Foreign agents or human rights defenders? The protection of non-governmental organisations in Russia vis-à-vis Council of Europe model : case study of 2012 "Law of Russian Federation on Foreign Agents"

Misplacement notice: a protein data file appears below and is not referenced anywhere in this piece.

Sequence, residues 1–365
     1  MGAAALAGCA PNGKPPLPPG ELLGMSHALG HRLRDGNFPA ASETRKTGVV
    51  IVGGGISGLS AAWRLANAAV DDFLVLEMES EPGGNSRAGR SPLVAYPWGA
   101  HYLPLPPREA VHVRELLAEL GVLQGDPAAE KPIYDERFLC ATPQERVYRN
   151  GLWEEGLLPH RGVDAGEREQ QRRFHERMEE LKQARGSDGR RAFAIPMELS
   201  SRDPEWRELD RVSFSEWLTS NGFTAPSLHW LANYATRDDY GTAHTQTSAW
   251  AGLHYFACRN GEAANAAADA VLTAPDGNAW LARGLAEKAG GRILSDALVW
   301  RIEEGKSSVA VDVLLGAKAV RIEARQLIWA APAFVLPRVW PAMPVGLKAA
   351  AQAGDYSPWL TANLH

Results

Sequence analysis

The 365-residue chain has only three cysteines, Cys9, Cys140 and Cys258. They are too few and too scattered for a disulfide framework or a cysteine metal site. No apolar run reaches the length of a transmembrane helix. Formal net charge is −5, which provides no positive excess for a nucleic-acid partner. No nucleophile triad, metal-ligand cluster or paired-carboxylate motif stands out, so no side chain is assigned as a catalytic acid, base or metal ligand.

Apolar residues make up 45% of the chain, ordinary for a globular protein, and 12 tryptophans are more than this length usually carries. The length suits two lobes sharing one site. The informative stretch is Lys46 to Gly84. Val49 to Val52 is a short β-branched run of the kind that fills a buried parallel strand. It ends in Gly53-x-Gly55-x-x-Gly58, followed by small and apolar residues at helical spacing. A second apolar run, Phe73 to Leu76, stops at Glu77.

This thesis examines the compatibility of the Russian framework for protection of non- governmental organisations (NGOs) in law and practice with the model approved by the Council of Europe. While NGOs are recognised as legal personalities and subjects to international law by the Strasbourg system and as key elements of a pluralist democracy, the Russian system does not protect them in the same manner. The author of this thesis argues that the main reason why Russia does not recognise NGOs as ‘equal partners’ is because they may be perceived as a ‘danger’ to its sovereignty and state-centred approach to international law. The thesis focuses on the ‘Law on Foreign Agents’ adopted in 2012 that regulates mainly Russian human rights NGOs. As a result of a legal analysis, the author finds that the individual rights to freedom of assembly and association and expression are not respected in Russia. The issue of protection of NGOs represents yet another landmark in the Russia-Council of Europe human rights partnership which has been since its beginning a ‘battle’ of sovereignty versus interference in the state affairs. Therefore, there still remains a question whether the Western model of individual rights is applicable to the Russian context with its socio- cultural and political specificities.